Job Watch Ludlow – Unemployment rises again in our town, especially Ludlow North

Job Watch Ludlow – Unemployment rises again in our town, especially Ludlow North

This in an unsurprising story. It is not a cheerful story. It is a story that will inevitably get worse. But it is important an important story for our community in Ludlow and for Shropshire.

More people are out of work and are signing on for benefits. In Ludlow, the number of claimants – people looking for work – grew by 8% between July and August. This is nowhere near as big a jump we saw at the beginning of lockdown but it is an upward trend in a time when jobs are being destroyed, not created.

Over the last year, Ludlow claimants have increased from 155 to 465 people – a 268% increase. This is higher than the Shropshire and national trends, especially in the Ludlow North ward where the annual growth was 344%.

This is the second of a monthly series on unemployment data. I don’t intend to depress or scare people with the numbers but we do need to understand what is happening in our community during and after the exceptional events of 2020. There are also fears that the number of people looking for work will rise when the furlough scheme ends at the end of October.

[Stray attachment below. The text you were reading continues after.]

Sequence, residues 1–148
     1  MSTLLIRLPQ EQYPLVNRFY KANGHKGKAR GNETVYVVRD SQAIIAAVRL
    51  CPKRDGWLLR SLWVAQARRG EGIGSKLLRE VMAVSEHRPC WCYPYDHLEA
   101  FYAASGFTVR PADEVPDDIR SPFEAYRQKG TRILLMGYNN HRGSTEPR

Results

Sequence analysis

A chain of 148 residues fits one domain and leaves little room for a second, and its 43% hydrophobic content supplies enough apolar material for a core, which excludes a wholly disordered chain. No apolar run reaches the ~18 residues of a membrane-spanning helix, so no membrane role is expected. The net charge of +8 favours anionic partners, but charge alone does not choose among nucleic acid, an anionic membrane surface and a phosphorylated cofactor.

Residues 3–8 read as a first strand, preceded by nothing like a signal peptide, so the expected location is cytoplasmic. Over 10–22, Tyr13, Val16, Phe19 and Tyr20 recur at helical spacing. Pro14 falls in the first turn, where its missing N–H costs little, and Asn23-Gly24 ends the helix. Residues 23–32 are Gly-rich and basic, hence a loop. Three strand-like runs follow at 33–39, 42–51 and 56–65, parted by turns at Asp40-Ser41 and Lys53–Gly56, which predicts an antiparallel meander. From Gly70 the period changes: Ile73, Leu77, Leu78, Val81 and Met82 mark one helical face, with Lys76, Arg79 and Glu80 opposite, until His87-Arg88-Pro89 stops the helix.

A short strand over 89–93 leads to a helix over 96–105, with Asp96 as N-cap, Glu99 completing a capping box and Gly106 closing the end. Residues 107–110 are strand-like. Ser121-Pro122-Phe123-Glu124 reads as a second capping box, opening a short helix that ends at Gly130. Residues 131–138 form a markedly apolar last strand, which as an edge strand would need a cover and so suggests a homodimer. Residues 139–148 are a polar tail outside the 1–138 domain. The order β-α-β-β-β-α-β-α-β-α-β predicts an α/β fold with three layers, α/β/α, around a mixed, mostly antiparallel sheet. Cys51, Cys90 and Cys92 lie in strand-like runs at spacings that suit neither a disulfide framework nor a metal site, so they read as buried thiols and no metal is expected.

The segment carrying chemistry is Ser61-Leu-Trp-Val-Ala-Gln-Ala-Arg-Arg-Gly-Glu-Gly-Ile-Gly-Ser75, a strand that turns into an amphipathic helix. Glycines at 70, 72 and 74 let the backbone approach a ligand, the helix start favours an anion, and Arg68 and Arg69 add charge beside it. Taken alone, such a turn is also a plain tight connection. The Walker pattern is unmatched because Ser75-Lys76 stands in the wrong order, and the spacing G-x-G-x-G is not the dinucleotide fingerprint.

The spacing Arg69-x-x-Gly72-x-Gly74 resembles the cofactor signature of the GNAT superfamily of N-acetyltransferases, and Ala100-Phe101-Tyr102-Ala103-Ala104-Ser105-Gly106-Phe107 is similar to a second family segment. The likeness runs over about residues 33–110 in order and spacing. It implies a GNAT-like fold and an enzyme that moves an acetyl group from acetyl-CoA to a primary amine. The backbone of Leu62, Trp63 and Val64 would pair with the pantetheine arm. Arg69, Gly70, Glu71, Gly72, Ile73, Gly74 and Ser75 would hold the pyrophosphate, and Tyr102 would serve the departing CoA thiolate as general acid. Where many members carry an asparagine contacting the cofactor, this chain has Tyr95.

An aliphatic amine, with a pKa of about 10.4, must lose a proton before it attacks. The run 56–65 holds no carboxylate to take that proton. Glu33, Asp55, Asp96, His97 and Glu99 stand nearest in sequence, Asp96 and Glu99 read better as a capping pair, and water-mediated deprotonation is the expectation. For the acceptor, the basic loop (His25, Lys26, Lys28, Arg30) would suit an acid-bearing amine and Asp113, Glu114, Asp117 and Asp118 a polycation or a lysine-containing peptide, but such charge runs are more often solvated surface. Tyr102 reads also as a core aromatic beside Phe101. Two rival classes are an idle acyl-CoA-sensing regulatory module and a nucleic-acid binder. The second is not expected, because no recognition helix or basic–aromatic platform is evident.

The annual growth was highest for claimants aged 25 to 49 years (307%), followed by ages 16 to 24 (267%), and aged 50 years and over (209%). The graph below suggests that claimants aged 25 to 49 have been hardest hit by lockdown.

Growth in claimants in the last twelve months

It remains to be seen whether Ludlow North is being more affected by job losses than the rest of Ludlow and Shropshire. It is a trend I will keep an eye on.  

Percentage of working age population who are claimants looking for work

Notes

In this article, Ludlow is the three wards of Ludlow East, Ludlow North and Ludlow South. The North and South wards include areas of Ludlow’s rural hinterland.

Data are from NOMIS and the House of Commons Library.

Jobless figures, which many of us think of as the sum of the dole queues of old, are not straightforward to interpret. The replacement of Jobseekers Allowance by Universal Credit increased the numbers of those counted as looking for work. This seems to have added around ten to eleven per cent to the count locally over the last few years. During lockdown, Universal Credit was expanded to include people whose income had fallen below a minimum during lockdown. Despite these caveats, the grim reality is that unemployment is rising in Ludlow, in Shropshire and across the country.

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